The Pros and Cons of Whey Protein

What exactly is whey protein? It’s the isolated form of protein found in whey, the liquid that remains after milk has been curdled and strained.

First, let’s talk about the different types of whey protein available.

Whey protein isolate: This is whey protein in its most pure form. It’s about 90 percent protein by weight, and it’s often the most expensive option.

Whey protein concentrate: This ranges from about 29 percent to around 89 percent protein by weight. It’s not as expensive as whey protein isolate, and it contains a little more fat and lactose.

Hydrolyzed whey protein: This form of whey protein is said to be “predigested,” and therefore easier to absorb. It is more expensive than the concentrate.

So what are the benefits and drawbacks of whey protein? Let’s discuss a few.


Absorption: Liquids are easier for the body to absorb than solid foods. Therefore, since whey protein powders are most frequently dissolved in beverages, the body absorbs the protein more quickly. This is especially beneficial for those who choose to consume protein after a workout, in order to rebuild muscle.

Convenience: Let’s face it, it’s not always easy to bring a chicken breast or salmon fillet to the office. But adding whey protein to a smoothie can make it much easier to get enough protein each day — particularly for those who may be avoiding or limiting the amount of meat they eat.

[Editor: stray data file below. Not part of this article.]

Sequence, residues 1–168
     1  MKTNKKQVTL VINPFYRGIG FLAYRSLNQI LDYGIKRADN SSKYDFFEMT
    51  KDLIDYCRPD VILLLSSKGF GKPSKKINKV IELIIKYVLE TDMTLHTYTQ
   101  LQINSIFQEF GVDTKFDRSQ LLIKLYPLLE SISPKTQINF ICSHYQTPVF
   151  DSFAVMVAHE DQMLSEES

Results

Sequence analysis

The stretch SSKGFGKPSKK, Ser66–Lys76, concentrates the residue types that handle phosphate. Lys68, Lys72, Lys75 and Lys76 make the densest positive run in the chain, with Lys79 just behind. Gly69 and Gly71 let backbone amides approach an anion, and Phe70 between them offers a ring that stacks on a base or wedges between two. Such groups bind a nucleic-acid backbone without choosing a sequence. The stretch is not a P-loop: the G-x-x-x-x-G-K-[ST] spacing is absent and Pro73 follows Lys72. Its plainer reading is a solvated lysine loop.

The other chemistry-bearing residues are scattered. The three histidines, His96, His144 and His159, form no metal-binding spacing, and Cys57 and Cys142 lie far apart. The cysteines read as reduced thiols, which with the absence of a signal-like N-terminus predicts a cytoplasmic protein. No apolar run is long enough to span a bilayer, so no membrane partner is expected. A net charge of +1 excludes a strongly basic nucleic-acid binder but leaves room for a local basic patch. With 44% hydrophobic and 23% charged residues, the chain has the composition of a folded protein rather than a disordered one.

It may be acceptable for those who have trouble with dairy.

This will vary from person to person. Although it comes from milk, whey protein is an isolated form of protein from whey, and therefore it does not have much lactose, especially if you choose the first form listed above. That said, it does contain small amounts, and if you’re particularly sensitive to lactose, it might not be the best option for you.


Undesirable ingredients: Whey protein powder is a processed product and often contains ingredients like soybean oil, artificial sweeteners, artificial flavors, and xanthan gum. If you prefer to keep these ingredients out of your diet, you might want to find an alternative protein source.

Effects on the kidneys and liver: Taking in too much whey protein powder can cause the body to store it as fat (the amount that’s considered “too much” depends in part on your body weight). In turn, this can overwork the kidney and liver functions. Anyone who has pre-existing kidney conditions should consult their doctor before adding whey protein to their diet.

It’s a less nutrient-dense calorie source: Whey protein powder adds calories to your diet, but the only nutritional benefit you’re getting for those added calories is protein. On the other hand, if you choose options like yogurt, salmon, or chicken, for example, you’ll be getting protein as well as a range of other nutrients. In addition, whole foods will fill you up much more than protein powder.

Just like anything, we caution you to do all of your research before using a whey protein to be sure it is the right choice for your health.